Hopefully you’ve been enjoying your time with this, the Eltabb Journal… perhaps you’re here to get tips on working as a teacher in Germany. Maybe you’ve dropped by to read about one of our fascinating ELTABB workshops. Or are you about to teach English to a group of skilled professionals, whose workplace English is as alien to you as it is to them?
Whatever your reason for coming here in the first place, I’m going to guess that you clicked on this article because you have at least some interest in not just reading our articles, but maybe in writing for us also!
Well, if you’re unsure if you can quite be bothered putting pen to paper (or opening your word processor…), let me try to convince you over the next few minutes…
I get no kick from champagne
[A total lie – Ed.]
1. It’s fun!
Some people paint for pleasure, and some people sing. Some people get their kicks from football, whilst others get theirs from champagne. I, however, get my kicks from writing! Writing is, after all, a creative outlet – a way to express your individuality, to create something unique to share with the world, to craft something beautiful…
And if you’re scared of putting your potentially ugly baby out into the world – don’t worry, we have editors at this journal.
Forget grammar and think about potatoes.
They will help you with your questions and queries, suggest topics for you to write about, clean up your commas, polish your participles and check your spelling before the ravenous Eltabb readership ever even see the first sentence.
2. It’s educational
Of course, you can just put pen to paper and write, write, write – stream-of-consciousness writing has produced some masterpieces over the decades. But here at Eltabb, we have a large readership of
nerds education professionals [see me – Ed.] – so perhaps you’d like to write something more informative?
Find that subject that interests you, and read, read, read instead. Once you’ve swotted up, you can put all of that new knowledge into an article – learning is fun, and ‘I have an article to write’ is the perfect excuse to do so!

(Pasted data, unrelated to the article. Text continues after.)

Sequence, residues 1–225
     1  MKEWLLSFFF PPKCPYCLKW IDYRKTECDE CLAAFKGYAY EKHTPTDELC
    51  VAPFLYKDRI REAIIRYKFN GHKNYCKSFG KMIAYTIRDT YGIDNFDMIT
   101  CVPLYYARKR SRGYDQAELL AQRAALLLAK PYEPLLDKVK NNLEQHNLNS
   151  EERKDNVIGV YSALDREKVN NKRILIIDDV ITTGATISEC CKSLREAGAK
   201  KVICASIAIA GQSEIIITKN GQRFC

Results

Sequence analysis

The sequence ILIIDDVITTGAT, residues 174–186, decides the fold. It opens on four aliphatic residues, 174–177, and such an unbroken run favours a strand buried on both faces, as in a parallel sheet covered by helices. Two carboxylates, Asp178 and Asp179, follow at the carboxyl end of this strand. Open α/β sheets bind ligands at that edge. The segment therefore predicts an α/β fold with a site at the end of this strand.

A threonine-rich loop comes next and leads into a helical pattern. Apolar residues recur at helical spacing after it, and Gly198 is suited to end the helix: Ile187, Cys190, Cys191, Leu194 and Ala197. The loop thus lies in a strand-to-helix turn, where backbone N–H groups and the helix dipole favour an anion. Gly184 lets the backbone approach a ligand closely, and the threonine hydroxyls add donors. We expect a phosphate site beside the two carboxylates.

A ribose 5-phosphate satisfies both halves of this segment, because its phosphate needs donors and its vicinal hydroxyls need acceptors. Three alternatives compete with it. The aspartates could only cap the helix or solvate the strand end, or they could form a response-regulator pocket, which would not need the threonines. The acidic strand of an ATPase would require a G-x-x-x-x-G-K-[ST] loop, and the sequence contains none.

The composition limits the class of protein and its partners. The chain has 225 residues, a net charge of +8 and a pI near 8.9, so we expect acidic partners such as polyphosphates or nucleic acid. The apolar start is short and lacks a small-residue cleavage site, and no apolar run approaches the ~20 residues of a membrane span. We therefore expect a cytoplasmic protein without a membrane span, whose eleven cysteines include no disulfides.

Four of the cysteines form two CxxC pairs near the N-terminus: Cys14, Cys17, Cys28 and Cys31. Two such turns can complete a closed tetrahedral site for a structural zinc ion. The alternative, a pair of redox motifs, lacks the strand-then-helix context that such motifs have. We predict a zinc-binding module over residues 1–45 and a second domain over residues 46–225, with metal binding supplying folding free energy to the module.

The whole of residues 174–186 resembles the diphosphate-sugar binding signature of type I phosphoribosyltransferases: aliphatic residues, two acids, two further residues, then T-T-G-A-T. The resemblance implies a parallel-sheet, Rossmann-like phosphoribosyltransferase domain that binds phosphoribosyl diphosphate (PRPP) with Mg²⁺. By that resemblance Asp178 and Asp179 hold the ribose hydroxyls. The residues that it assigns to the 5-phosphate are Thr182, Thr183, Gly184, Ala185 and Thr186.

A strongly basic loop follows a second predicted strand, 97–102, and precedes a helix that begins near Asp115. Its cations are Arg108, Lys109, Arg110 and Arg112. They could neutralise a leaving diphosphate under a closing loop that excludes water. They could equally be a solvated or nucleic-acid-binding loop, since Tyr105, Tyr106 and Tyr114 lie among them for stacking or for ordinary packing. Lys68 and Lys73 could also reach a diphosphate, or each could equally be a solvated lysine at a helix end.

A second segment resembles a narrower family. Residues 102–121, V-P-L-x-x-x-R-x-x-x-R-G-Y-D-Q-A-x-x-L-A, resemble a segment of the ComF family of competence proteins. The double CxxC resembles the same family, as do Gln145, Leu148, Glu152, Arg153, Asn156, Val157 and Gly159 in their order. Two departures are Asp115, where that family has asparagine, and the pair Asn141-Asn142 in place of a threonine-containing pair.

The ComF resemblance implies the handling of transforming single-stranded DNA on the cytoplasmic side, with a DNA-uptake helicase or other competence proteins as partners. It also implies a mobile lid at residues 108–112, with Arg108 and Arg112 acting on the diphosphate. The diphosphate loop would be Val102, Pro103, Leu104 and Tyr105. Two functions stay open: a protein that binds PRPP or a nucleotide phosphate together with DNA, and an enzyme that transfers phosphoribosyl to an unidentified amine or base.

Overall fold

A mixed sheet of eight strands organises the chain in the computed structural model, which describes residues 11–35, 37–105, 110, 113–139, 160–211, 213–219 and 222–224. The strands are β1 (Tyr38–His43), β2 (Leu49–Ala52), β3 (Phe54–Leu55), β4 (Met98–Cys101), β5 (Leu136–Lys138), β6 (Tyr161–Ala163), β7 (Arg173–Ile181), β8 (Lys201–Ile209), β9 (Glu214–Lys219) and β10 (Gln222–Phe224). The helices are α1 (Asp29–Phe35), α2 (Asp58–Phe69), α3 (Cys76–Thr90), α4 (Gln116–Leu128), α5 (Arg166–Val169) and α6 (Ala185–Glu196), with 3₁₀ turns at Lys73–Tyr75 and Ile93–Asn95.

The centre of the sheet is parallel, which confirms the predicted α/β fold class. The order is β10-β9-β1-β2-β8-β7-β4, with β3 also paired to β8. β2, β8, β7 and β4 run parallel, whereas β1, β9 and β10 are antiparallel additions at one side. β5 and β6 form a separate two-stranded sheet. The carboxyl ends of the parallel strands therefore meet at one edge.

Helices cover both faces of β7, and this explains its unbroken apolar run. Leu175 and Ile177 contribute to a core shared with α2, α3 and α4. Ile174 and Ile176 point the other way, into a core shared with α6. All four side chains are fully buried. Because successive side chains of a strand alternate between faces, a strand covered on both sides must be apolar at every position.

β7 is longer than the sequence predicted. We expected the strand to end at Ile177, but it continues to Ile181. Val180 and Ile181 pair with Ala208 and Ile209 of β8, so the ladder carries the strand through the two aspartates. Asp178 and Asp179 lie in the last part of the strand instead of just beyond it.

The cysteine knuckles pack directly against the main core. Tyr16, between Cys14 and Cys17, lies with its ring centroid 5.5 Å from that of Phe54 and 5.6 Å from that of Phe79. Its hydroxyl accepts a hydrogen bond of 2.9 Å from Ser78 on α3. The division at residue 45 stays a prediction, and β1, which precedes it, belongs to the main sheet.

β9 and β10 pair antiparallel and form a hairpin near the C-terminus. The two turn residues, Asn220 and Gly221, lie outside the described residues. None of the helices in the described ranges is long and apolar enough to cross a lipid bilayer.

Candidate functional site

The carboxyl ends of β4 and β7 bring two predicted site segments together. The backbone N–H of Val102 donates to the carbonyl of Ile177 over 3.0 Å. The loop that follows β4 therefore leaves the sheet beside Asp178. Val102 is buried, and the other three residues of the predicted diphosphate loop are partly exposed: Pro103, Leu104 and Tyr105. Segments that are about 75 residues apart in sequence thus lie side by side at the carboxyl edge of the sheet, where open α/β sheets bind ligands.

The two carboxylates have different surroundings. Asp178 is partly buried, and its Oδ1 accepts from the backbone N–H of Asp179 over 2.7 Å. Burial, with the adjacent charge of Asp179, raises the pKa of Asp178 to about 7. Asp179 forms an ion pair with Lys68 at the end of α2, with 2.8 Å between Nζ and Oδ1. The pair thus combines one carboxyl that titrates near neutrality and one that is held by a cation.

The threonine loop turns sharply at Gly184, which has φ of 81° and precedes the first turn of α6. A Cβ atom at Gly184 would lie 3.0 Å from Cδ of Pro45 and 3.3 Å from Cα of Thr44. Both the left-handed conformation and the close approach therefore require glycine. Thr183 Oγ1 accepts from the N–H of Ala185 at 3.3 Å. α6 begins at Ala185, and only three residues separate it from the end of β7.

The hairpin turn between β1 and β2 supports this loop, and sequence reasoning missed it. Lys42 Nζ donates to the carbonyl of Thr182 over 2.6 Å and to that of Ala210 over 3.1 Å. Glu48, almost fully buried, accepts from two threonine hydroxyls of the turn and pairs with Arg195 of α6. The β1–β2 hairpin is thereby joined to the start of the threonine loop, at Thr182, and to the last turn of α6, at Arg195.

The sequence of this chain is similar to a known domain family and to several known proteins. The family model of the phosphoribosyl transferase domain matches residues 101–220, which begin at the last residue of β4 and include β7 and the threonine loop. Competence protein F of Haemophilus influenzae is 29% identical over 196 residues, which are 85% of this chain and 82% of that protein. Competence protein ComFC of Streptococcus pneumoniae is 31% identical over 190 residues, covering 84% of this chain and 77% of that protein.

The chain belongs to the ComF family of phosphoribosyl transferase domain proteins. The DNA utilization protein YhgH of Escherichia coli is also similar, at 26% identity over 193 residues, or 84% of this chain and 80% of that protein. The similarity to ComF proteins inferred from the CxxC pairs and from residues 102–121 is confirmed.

3. It looks good on your CV
Whilst Barnum and Bailey might be impressed by March 2020-March 2025, Lockdown, learned to juggle, potential employers may look for something a little more… academic.
>>Go on, show off!<<
Saying that you’ve written for our journal will look pretty snazzy, eh? You can demonstrate an ‘extra-curricular’ interest in English… plus, you can show off your knowledge of the subject and demonstrate that people want to listen to what you have to say! And, for all of this, you will have proof – up on the internet for all to read.
4. It helps you connect with the world
Writing’s not just a solitary pursuit, tapping away on your keyboard… Once you’ve published your article, people will read it! They will hopefully even talk about it, and leave a comment. By writing for Eltabb, you will be engaging with the wider teaching world. It feels good when people tell you they enjoyed an article you wrote, and a good article leaves a mark on its reader.
In addition to giving people an interesting diversion for a few minutes, you will be building up a community of English teachers. English teachers like to read, and they like to talk. People will discuss your article, and might even get in touch to discuss it with you. It’s exciting to be part of such a community!
…and I ain’t seen the sunshine since I don’t know when.
5. Help us see sunlight one day…
Not to dilute any of what I’ve just said, but more hands make lighter work. Our current writers could continue staying up all night, fuelled by coffee and deadlines… Or you could give us a chance to see our friends, our family, to visit museums and art galleries [Oh dear, you really have been inside too long. I have some bad news about 2020-21 – Ed].
What’s more, it’s a bit dull if you only get to read about our interests. We have a wide and varied membership – just look here if you need proof, so wouldn’t it be nice if we all chipped in and contributed something a little bit different? We’ve already had articles from as far afield as India – isn’t that exciting?
How much more adventure in the world of English teaching is just waiting, undiscovered, to be shared with a curious public?